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Bankruptcy means that a person has been declared to be unable to pay their debts under the Bankruptcy Act 1966 (Cth) (Bankruptcy Act).   Bankruptcy is a legal status where people who cannot pay their debts give up their assets and control of their finances, either by agreement or court order, in exchange for protection from legal action by their creditors.  Once a person is declared bankrupt:

  • a trustee will be appointed to control the client’s financial affairs and will be responsible for working out if, and how much, the client’s creditors can be paid;
  • the trustee will take measures to pay the creditors, including confiscating and selling the client’s assets (with the exception of ordinary household items listed in Warrant to Seize Property);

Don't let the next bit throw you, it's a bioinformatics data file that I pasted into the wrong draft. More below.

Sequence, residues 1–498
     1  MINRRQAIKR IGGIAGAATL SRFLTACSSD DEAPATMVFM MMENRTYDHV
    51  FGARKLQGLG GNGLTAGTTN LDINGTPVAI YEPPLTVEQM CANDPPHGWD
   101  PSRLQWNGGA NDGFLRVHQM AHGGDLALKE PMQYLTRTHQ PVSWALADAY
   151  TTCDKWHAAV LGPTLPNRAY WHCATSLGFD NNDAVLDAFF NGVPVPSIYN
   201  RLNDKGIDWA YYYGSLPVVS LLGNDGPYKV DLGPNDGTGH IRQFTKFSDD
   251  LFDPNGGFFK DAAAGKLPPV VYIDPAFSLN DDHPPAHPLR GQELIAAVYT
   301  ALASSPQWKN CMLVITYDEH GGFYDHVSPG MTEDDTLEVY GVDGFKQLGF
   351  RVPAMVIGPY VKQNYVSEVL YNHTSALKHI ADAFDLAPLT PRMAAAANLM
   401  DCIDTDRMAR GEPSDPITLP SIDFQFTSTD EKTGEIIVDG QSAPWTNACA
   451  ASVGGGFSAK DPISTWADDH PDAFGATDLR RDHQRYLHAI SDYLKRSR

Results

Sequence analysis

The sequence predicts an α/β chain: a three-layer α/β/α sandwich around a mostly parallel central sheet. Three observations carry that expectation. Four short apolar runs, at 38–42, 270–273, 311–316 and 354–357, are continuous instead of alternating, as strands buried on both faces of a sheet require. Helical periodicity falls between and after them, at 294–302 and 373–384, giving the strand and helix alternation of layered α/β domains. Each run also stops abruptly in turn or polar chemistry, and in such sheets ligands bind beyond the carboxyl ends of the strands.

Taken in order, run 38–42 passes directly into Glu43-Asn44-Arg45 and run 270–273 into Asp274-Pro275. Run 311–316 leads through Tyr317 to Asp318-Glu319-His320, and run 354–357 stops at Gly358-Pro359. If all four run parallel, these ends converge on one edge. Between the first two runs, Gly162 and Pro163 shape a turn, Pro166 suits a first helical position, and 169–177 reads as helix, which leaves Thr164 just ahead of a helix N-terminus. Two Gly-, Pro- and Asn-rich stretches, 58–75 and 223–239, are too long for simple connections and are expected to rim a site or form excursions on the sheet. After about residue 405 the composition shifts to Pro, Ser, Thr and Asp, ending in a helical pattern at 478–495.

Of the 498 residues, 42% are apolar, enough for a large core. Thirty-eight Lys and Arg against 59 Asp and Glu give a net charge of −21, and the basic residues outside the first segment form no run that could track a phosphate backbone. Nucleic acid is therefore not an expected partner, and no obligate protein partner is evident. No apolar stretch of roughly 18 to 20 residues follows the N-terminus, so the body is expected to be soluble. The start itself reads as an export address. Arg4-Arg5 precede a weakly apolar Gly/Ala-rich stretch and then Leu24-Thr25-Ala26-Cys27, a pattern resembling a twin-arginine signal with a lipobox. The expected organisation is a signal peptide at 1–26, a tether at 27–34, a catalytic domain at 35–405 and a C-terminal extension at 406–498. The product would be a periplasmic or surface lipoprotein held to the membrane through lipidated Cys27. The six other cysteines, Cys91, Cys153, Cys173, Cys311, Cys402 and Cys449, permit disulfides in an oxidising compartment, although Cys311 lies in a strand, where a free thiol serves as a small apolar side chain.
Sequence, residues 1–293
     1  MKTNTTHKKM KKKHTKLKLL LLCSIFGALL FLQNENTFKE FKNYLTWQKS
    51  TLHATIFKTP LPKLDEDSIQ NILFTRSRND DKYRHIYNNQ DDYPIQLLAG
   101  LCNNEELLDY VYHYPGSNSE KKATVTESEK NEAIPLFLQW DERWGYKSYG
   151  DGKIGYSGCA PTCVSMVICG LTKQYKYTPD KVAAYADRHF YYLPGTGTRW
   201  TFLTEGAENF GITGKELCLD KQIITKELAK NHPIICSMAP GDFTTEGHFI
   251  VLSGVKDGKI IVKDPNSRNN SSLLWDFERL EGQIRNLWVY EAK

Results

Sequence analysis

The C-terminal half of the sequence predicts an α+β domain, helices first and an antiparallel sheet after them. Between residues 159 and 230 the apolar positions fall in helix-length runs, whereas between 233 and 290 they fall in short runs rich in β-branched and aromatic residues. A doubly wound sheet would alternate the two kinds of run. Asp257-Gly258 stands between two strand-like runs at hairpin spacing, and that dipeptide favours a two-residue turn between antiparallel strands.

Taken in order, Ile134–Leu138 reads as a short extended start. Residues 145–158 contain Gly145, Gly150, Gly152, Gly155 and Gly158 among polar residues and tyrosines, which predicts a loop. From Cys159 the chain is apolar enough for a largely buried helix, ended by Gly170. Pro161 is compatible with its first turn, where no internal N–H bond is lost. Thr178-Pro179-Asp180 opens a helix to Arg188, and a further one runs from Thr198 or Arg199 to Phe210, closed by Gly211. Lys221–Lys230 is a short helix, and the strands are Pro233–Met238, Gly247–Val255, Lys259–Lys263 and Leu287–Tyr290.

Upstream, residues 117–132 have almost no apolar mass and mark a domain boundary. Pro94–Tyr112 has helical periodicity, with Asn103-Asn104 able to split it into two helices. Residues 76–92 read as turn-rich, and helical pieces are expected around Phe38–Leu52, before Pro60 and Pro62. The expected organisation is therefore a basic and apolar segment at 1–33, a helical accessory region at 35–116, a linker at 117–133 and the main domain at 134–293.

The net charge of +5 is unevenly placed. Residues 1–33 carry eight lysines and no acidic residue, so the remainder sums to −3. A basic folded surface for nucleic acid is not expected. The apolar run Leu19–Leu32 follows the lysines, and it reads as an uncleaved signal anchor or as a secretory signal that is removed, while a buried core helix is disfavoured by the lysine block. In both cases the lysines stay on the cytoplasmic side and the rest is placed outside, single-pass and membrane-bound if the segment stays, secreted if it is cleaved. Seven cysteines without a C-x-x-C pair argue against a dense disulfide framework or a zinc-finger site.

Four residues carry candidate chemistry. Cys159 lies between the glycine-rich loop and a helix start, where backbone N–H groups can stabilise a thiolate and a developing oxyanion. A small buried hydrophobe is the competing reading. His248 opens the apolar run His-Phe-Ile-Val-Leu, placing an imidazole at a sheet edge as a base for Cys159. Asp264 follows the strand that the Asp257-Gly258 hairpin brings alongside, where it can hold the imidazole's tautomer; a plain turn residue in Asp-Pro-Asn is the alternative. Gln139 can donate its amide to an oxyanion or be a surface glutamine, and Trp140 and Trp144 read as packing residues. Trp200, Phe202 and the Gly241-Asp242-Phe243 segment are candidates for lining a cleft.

• the client’s creditors will be notified of their bankruptcy and unsecured creditors should stop pursuing the client for payment of their debts (section 58(3) of the Bankruptcy Act).

Bankruptcy has long term consequences and it is very important that your client is properly advised of these (see What are the Consequences of Bankruptcy?).  In short, bankruptcy is an option for clients on low incomes with no savings or assets and no realistic prospect of paying back debts.  Even then, it is not always the only or most desirable option.  If your client is contemplating voluntary bankruptcy, they should consult a financial counsellor for assistance in providing advice and lodging an application for bankruptcy if appropriate.

The  Australian Financial Security Authority (AFSA) is a good source of up to date information on bankruptcy and other options for debtors who are not yet bankrupt.

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